Hundreds of 7-Eleven customers who downloaded a new mobile payment app in Japan were robbed out of hundreds of thousands of dollars due to some staggeringly idiotic security lapses in the app.
Yahoo Japan reports that 7-Eleven Japan released the 7pay app on July 1, and within a day customers started complaining about suspicious charges to their linked payment cards. On July 3, the company confirmed accounts could be accessed by third parties and announced it would stop charging credit and debit cards through the app.
According to the Yahoo report, hackers simply needed to input a customer’s birthdate, phone number, and email address to request a password reset link. But it seems that a hacker could even request that the reset link be sent to whatever email address they wanted. It also seems that if a customer hadn’t entered a birthdate, then the app would default to January 1, 2019, which would make it even easier for a fraudster to gain access.
According to 7-Eleven parent company Seven & I Holdings Co., 900 people were affected by the screw-up and about ¥55 million (a little more than $500,000, depending on exchange rates) was collectively stolen. “We will compensate for all the damage to the customers who suffered from this matter,” a translated version of the company’s statement reads. “We will thoroughly investigate the cause of this issue and plan improvement measures for a drastic solution.”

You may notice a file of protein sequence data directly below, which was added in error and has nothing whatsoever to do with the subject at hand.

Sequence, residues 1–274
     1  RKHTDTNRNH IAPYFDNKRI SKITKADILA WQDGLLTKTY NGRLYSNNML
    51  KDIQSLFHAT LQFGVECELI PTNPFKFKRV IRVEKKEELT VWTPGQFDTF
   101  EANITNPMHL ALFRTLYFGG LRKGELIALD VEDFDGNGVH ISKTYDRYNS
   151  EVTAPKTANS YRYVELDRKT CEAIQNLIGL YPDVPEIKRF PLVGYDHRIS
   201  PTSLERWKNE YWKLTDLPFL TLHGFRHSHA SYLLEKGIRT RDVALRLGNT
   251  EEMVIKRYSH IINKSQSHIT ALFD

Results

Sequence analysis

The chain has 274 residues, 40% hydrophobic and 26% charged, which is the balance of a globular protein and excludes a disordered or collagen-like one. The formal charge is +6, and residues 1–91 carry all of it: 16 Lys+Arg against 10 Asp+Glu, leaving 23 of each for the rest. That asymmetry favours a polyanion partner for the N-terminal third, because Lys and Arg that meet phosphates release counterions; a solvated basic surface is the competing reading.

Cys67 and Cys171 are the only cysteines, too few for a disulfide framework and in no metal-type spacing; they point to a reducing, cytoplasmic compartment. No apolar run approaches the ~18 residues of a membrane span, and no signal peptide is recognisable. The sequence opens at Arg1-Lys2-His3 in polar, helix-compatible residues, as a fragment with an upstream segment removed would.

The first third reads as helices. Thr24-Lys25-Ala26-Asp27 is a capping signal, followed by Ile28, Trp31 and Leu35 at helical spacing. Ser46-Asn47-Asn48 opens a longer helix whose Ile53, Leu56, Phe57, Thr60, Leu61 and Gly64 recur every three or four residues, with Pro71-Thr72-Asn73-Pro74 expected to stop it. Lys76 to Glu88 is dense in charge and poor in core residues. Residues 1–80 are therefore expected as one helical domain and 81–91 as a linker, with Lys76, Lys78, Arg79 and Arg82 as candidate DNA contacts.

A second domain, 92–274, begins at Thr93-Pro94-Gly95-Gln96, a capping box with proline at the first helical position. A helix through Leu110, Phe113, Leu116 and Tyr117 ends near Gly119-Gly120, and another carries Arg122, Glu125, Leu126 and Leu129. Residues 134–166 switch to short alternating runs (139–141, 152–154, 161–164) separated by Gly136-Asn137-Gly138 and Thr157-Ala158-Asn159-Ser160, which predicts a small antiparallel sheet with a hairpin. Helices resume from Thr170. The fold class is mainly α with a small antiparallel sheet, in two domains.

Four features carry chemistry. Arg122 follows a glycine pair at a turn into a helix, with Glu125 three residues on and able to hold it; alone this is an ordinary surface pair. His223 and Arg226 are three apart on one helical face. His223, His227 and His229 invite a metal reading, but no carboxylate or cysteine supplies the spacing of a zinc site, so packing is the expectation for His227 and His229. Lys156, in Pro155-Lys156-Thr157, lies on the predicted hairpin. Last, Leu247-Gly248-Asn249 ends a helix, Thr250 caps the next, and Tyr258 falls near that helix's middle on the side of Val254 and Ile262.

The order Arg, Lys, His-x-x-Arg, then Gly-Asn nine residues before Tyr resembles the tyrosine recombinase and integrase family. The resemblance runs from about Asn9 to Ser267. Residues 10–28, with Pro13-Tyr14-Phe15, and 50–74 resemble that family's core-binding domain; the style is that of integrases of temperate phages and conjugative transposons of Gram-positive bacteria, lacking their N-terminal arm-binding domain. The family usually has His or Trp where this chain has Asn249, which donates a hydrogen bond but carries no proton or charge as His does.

While U.S. residents may not expect much from a 7-Eleven payment app, the poor design is surprising considering 7-Eleven Japan’s parent company also owns Seven Bank, which operates ATMs at 7-Eleven stores throughout the country.
The Japan Times reports that the Japan Ministry of Economy, Trade and Industry decided that Seven & I Holdings Co. failed to follow proper financial guidelines and did not make sufficient effort to protect customers’ security.
According to the newspaper, Tokyo police have arrested at least two men suspected of illegally using the 7pay app to buy over $6,000 worth of e-cigarette pods. Police believe the men may be involved in a larger cybercrime ring.